Thursday, January 3, 2013

Setting Up Your New Life - An Introduction

So if you’ve been hanging around the postacademic corner of the internet for awhile and have moseyed all the way over to this corner of the site, it seems like you might really be getting ready to quit academia.

If so, then let me echo my co-authors by offering you a hearty congratulations!! Deciding to leave academia is not something to be ashamed of ... it’s something to be proud of. You have decided what will make you happy and secure in your adult life, and you are going out and making it happen for yourself. So congratulations to you!!


You should feel happy and proud of yourself, and excited for what comes next. Unfortunately, however, you’re probably going to be navigating a lot of this transition on your own. Your friends and family might not be as supportive as you’d like. Your department isn’t going to help you find health insurance after you graduate, and your advisor probably won’t help you write a nonacademic resume. You may very well be starting from scratch on those things … and that’s where we come in.

Do we have all of the answers and a perfect roadmap for setting up your new life? No way. But we can offer some advice.

Elsewhere on this site, you can find advice about how to “officially” notify your advisors and leave your department, and about how to deal with your emotions and about looking for a new career.

This section, however, is a little different. In this section, we’ll be offering resources that will help you deal with some of the “other stuff” that you will need to pay attention to when you’re transitioning out of academia. The concrete decisions you need to make and steps you need to take on the way to setting up a postacademic life for yourself and your family. Things like:

  • What to do to find health insurance after you leave academia, if you won’t have it through a new job.

  • How to deal with student loans and other debt after you leave.

  • Where to look if you think you will need benefits such as food stamps, unemployment, or other programs that can help keep you on your feet while you set up your new life.

  • How to decide where to live or where to job-hunt, now that you’re not constrained by the whims of the academic job market.

  • Advice for getting a “just for now” job - to get the bills paid until you find something you love.

  • How to retain access to research materials and other resources without an institutional affiliation.

These are all things that academic quitters will need to think about and investigate … but they are also things that you may not know how to deal with.

After all, many academics have spent many (if not all) of their post-college years in a university setting. We’re used to having health insurance readily available through the university (even if we have to purchase it with our own money), and we’re used to having those student loans just sort of hang out, waiting for our eventual graduation. We’re used to thinking of our future locales as “wherever the one university that will hire me will be located,” rather than “where I’d actually like to live.” And we’re used to trying to find “the one [tenure-track] job that I’ll hope to keep forever” rather than “a decent job that will help me pay the bills until I figure out what I want to do next.”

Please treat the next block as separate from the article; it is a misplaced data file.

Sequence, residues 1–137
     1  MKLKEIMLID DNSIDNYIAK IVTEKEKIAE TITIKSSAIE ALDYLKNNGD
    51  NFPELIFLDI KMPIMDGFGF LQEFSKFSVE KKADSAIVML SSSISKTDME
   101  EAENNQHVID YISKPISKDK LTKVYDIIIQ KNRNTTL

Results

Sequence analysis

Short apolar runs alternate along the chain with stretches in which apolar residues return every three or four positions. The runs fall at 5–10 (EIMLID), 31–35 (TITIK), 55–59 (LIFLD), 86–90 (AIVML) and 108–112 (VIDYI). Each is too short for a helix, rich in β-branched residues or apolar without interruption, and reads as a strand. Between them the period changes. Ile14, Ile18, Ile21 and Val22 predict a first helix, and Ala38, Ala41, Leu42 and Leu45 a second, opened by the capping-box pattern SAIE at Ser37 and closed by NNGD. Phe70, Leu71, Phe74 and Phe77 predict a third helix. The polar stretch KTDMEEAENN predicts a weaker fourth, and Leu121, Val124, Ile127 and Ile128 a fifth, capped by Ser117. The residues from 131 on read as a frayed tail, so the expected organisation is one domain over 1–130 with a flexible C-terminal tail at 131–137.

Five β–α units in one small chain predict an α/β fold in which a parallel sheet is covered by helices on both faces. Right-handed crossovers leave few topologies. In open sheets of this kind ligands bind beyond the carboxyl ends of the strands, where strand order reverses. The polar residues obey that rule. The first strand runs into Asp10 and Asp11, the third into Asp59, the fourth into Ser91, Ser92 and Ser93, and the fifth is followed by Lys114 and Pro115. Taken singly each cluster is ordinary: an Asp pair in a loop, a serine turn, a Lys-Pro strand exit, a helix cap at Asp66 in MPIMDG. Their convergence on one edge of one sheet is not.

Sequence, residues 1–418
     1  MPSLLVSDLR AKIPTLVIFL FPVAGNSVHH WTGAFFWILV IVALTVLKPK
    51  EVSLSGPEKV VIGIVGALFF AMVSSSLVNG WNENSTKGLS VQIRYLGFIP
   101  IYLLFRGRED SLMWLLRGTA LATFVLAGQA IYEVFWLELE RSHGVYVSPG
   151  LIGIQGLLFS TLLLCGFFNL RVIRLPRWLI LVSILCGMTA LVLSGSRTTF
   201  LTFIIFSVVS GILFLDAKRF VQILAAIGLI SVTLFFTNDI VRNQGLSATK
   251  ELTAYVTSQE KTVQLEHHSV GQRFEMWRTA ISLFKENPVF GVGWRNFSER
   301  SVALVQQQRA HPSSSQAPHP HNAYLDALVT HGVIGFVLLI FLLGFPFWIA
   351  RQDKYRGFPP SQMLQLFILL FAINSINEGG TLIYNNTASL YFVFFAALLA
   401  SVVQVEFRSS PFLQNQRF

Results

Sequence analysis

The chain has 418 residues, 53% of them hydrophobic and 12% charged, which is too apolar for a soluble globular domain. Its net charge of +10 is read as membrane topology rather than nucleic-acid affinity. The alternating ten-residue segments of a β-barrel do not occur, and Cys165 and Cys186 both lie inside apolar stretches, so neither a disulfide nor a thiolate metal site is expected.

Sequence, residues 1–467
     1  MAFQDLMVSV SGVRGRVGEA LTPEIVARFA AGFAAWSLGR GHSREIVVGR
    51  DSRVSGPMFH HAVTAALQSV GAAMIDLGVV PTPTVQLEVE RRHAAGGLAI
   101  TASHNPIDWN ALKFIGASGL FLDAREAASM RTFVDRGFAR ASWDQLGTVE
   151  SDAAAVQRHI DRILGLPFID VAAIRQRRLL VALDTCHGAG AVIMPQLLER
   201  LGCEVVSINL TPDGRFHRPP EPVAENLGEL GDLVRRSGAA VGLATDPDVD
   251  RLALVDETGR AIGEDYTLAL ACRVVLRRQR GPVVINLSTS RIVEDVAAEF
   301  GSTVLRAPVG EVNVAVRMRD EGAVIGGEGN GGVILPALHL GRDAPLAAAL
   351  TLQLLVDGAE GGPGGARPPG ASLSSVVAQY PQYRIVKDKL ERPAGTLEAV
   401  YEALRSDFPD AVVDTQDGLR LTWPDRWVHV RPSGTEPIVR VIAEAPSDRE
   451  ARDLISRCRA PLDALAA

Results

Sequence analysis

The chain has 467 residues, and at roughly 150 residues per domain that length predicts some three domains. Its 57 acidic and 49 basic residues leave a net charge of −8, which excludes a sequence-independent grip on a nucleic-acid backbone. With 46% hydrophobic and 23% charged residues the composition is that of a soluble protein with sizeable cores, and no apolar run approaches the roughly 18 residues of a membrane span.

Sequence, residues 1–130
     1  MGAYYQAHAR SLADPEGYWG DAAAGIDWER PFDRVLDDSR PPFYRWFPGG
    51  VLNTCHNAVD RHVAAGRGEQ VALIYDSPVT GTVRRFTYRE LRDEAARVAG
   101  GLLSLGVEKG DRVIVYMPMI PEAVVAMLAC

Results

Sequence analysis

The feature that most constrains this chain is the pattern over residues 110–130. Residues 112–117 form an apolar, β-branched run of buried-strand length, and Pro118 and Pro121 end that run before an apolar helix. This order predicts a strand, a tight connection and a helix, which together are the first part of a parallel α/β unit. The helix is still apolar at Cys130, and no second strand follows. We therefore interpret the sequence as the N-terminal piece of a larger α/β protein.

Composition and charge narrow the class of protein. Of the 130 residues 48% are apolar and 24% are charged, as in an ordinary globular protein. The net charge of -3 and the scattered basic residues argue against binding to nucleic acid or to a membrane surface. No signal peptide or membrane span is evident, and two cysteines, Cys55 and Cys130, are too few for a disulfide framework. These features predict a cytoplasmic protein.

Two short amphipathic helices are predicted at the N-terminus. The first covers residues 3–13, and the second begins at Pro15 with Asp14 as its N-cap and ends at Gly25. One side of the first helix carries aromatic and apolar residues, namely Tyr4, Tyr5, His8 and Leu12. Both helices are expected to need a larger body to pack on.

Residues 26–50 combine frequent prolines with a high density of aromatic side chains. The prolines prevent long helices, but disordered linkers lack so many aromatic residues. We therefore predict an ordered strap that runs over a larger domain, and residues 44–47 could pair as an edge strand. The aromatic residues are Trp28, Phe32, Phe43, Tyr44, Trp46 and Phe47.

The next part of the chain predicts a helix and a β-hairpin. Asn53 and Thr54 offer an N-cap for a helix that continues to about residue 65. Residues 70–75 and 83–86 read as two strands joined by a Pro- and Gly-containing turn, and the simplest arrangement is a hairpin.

All of these former realities are going to disappear when you leave. Your health insurance won’t auto-renew anymore. You might get a notice from the student loan company that your loans are coming due. You can take a job without fearing that you’ll be stuck doing it forever and ever. And you can go live anywhere you want!

These can be scary things, but they are also totally manageable and (in a couple of cases) actually pretty exciting! I mean, think about it … if you’ve always wanted to move to the big city, now might be your chance! If your long-term goal is to run a goat farm in rural Nebraska? You don’t have to wait for an academic job to open up outside of Omaha anymore … you can just go!

So in this section, we’re here to help you figure out what you need to do to set up a postacademic adult life … and to get it all taken care of. Dealing with finances, and geography, and keeping your family safe and secure while you make this transition … we have advice for you about all of these things.

And if it seems too daunting, never fear … we all did it. You can too!

1 comment:

  1. [...] Maybe you’ve met the deductible on your health insurance. It might not be a bad idea to squeeze in a couple of doctor visits or a few extra prescription refills before you switch to a brand new plan with a new deductible (or, gulp — no insurance at all. See our other articles on covering these necessities here.). [...]


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